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Head Gasket


 

The head gasket is located between the cylinder head and the engine block (short block).

Head gaskets are mainly made of a fiberous material, much like paper.  They somtimes include thin layers of metal.  The edge around combustion chambers are usually surrounded by metal.

The most common cause of a head gasket leak (also know as a "blown" head gasket) is overheating.  Overheating may cause the head gasket to deform or break.  Another cause of head gasket failure is deterioration.  Over time, metal in head gaskets may corrode or the fiberous head gasket material may deteriorate.

A failed head gasket will have different effects, depending on where the break/breach occurs.  The following are types of breaches and effect:

  • Combustion Chamber > Coolant Passage:  This type of failure causes combustion gases to enter a coolant passage.  The gases will displace (push) coolant out of the cooling system.  In extreme cases, you will be able to smell exhaust fumes in the radiator or coolant reservoir.  In less obvious cases a "block test" is required to detect combustion gases in the cooling system.  A block test uses a dye that changes colors when it detects combusiton gases.

More on this subject: It is also possible for coolant to enter the combustion chamber (see below, "Coolant Passage > Combustion Chamber") but this isn't always the case when the defect in the head gasket is very small.  Pressure inside a typical cooling system is around 15 psi.  Pressure in the combustion chamber can 150 psi to 1,000 psi.  A very small defect may be able to withstand 15 psi of coolant pressure from forcing coolant into the combustion chamber, but can't resist the extreme pressures created by combustion.  So, it is common to find combustion gases in the cooling system without finding coolant in the combustion chamber.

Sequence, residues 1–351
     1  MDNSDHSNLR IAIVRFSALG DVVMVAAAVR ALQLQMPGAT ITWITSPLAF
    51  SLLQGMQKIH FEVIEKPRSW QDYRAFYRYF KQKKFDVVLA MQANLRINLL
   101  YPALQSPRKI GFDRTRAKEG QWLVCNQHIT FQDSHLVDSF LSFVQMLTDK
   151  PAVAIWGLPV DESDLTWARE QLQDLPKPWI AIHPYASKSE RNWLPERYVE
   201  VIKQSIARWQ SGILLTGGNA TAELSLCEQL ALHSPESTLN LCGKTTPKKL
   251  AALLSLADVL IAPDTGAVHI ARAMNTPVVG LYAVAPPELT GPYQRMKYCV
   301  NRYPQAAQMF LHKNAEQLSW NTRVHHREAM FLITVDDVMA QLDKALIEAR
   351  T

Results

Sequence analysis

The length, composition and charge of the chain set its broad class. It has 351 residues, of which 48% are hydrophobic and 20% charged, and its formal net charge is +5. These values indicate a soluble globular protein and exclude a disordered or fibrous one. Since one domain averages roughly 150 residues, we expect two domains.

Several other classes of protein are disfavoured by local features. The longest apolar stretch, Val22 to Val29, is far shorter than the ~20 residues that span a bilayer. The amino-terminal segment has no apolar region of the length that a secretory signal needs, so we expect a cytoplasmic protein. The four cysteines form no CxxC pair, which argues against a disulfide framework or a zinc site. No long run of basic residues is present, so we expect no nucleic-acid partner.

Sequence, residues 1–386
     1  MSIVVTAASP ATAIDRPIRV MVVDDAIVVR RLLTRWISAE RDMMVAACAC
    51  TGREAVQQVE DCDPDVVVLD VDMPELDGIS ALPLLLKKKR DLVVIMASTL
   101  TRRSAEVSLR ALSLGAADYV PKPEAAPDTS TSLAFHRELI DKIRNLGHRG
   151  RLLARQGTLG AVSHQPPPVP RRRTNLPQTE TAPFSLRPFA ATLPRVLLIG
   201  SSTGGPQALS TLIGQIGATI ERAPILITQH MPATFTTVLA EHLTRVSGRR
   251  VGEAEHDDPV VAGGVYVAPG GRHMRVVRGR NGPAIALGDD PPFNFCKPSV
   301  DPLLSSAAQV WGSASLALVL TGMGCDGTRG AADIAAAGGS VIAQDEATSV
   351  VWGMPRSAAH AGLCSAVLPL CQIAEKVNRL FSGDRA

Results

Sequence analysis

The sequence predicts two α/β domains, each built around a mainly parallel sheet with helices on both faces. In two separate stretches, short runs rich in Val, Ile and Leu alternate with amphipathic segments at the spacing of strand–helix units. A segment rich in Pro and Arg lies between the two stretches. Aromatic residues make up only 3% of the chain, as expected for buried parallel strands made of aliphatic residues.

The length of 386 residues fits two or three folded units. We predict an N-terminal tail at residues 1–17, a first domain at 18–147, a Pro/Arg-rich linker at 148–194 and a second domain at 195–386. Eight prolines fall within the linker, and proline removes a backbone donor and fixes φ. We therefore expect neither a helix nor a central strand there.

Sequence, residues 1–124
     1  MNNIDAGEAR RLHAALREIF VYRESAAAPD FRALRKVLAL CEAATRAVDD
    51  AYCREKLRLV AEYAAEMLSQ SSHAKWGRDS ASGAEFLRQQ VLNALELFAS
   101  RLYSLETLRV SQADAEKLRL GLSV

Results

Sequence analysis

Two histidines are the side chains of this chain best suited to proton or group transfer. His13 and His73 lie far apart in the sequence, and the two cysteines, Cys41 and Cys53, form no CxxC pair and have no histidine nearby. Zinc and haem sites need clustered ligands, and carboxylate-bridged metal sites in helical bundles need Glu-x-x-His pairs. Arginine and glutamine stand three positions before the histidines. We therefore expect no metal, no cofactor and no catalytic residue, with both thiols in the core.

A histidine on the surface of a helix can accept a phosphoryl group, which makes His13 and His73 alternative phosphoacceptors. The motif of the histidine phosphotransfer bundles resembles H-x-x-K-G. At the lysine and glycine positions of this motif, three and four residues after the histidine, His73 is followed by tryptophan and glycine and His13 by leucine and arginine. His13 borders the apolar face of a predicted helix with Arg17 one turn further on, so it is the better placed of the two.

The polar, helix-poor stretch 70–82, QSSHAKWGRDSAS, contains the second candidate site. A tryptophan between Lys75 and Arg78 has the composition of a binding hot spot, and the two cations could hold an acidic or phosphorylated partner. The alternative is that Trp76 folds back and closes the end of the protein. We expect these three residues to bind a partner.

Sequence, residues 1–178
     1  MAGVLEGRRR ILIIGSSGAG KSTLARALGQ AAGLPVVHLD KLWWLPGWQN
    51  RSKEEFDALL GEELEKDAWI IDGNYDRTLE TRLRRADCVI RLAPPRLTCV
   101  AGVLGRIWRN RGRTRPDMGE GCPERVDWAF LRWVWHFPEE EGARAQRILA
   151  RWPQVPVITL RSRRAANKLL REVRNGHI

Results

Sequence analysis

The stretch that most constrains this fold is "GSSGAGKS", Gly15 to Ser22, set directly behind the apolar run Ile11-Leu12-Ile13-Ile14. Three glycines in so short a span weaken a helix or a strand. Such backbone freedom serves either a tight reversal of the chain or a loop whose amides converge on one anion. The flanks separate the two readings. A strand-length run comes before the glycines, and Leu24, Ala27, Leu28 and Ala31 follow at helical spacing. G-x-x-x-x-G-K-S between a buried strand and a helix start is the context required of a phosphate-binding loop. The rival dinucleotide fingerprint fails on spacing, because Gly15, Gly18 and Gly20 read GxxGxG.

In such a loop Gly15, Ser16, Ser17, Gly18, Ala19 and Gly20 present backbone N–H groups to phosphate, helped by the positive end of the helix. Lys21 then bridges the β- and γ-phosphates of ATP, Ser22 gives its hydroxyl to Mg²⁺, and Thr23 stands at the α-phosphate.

• Coolant Passage > Combustion Chamber:  This type fo failure causes coolant to enter the combustion chamber.  When combustion occurs, the coolant is turned into steam and exits the exhaust pipe.  In extreme cases, the steam will be visible from the tailpipe.  In less major cases, such small amounts are burned that the steam may be invisible.  You will experience a loss of coolant.  Removing the spark plugs will reveal one or more spark plugs that are wet with moisture.

  • Coolant Passage > Oil Passage:  This type of failure causes coolant to enter an oil passage.  Oil contaminated with coolant will appear milky or cloudy.  Checking for residue under the oil filler cap or dipstick will reveal this condition.

  • Combusiton Chamber > Combustion chamber:  This type of failure causes combustion pressure to leak into another combustion chamber.  A compression check will reveal loss of pressure in one or more cylinders.

  • Oil Passage > Coolant Passage:  This type of failure causes oil to enter a coolant passage.  Checking the coolant reservoir for oil residue or checking coolant in the radiator for floating oil (with engine off) will reveal this condition.

  • Combustion Chamber > Oil Passage:  This type of failure causes combustion gases to enter an oil passage.  A compression check will reveal loss of pressure in the affected cylinder.

  • Coolant passage > Outside: Coolant leaks out of the engine between the cylinder head and engine block.

  • Oil passage > Outside: Oil leaks out of the engine between the cylinder head and engine block.  Note: This is rare because oil passages are usually "return" passages which are under very little pressure.  Return passages are the passages that allow gravity to pull oil from the top of the engine, back to the bottom (oil pan).